The candidates for state superintendent of public instruction promise that their background and expertise can make the most of a job with no power or management duties.
Democratic incumbent June Atkinson and Republican Richard Morgan come at the job from different perspectives.
Atkinson is a former teacher who retired from the state Department of Public Instruction as director of instructional services. She uses the superintendent's office to talk to the public about ways to improve education.
“I brought to the forefront of many people that we must improve our graduation rate,” she said.
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Morgan, a former co-speaker of the state House, said his long career in politics makes him the best candidate to serve as a liaison to legislators, who decide how much state money to devote to education.
“The value of having put together at least 18 budgets makes me uniquely qualified,” he said.
Though the title “state superintendent” gives the impression that the holder plays some management role, the office is little more than a soapbox. The state superintendent has no legal authority to run the state Department of Public Instruction.
In recent history, the state's governors have been the drivers on major education matters.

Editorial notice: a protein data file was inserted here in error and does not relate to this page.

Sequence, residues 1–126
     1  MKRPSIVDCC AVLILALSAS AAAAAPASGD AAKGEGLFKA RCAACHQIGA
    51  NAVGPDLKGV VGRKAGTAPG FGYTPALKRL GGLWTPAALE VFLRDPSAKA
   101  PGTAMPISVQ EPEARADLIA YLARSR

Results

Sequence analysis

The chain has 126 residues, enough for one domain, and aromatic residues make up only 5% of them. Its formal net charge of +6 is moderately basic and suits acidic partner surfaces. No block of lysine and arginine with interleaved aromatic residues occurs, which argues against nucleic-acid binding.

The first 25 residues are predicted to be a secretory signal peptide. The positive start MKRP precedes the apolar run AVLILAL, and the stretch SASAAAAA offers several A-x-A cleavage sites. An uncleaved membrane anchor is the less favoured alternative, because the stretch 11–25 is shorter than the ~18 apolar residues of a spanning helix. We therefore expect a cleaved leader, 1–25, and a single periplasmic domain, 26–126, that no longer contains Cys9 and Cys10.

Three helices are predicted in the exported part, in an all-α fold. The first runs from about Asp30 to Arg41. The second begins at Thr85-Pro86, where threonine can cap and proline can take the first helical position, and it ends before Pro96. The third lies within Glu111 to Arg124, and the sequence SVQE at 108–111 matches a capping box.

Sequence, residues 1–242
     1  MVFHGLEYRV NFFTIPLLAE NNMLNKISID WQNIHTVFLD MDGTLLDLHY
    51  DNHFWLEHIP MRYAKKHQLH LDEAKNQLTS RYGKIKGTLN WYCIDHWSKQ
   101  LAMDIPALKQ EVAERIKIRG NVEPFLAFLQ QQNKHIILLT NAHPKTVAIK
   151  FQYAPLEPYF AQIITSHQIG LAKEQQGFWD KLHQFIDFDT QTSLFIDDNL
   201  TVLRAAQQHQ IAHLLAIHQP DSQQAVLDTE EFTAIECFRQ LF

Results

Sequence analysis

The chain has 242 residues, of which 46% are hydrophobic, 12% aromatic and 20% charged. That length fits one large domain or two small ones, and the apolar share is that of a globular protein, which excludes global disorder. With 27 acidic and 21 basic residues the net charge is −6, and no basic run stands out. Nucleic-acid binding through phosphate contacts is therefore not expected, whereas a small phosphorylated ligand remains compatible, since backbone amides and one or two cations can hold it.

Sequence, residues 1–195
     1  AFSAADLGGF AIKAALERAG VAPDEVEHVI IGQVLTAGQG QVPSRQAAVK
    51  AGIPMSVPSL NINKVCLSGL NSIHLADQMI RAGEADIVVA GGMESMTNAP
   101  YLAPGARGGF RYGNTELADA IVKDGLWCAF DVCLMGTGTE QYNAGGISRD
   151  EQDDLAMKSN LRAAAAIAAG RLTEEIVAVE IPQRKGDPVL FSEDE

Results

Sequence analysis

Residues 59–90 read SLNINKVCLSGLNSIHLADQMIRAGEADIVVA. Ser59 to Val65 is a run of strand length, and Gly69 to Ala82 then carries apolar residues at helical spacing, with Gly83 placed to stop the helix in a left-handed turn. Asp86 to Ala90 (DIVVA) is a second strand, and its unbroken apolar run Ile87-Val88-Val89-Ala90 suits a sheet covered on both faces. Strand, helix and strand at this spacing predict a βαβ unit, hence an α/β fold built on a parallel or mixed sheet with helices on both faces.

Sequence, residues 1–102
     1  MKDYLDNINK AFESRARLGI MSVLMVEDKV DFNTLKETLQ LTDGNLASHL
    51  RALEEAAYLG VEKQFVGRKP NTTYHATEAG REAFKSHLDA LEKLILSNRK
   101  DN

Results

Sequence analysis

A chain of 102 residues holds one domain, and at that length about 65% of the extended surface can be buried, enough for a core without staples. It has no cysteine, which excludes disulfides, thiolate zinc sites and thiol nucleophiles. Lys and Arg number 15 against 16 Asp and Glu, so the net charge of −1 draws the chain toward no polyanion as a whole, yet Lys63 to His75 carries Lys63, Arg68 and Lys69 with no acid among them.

The governor appoints most of the State Board of Education members.
The board hired J.B. Buxton, a former aide to Gov. Mike Easley, as its deputy superintendent. Buxton, who lost to Atkinson in the 2004 Democratic primary, runs the department.
Atkinson serves as an education ambassador, speaking at forums and visiting schools. She said she's worked to rally business support for schools and students.
She has traveled the state to talk about the importance of preparing students to succeed in the global economy and making courses relevant to life outside the classroom.
Morgan said he would bring a different approach to the job because he knows legislators, legislative staff and the budget process.
For two years, Morgan shared leadership duties with former Democratic speaker Jim Black, but became the center of a GOP feud that resulted in his expulsion from the state party's executive committee. He lost in a primary in 2006.
Black resigned office in disgrace and is serving time in federal prison for corruption. House Democrats have tried to distance themselves from an episode that holds bad memories.
Morgan's history could make for a complicated relationship with legislators should he come back as a petitioner for education rather than a power broker.
Rep. Paul Stam of Apex, the leader of House Republicans, refused to talk about Morgan.
Rep. Linda Johnson, a Kannapolis Republican who is vice chairwoman of the House subcommittee on education spending, said Morgan would help the deliberations.
“Legislatively, he knows how things are handled,” she said.
Atkinson talks not about the legislators, but about the schools she visits and the principals and teachers she meets.
She wants the state to set a timetable that would lead to all students finishing high school.
“We need to set benchmarks to fulfill the mission,” she said, “or our chances of having a higher graduation rate will be overlooked.”
Atkinson is participating in the state's public financing system for campaigns, agreeing to limit her campaign fundraising and spending.
Campaign finance reports show Morgan raised $2,600 for the race through the end of June, and loaned his campaign $100,000. Atkinson had raised about $149,000.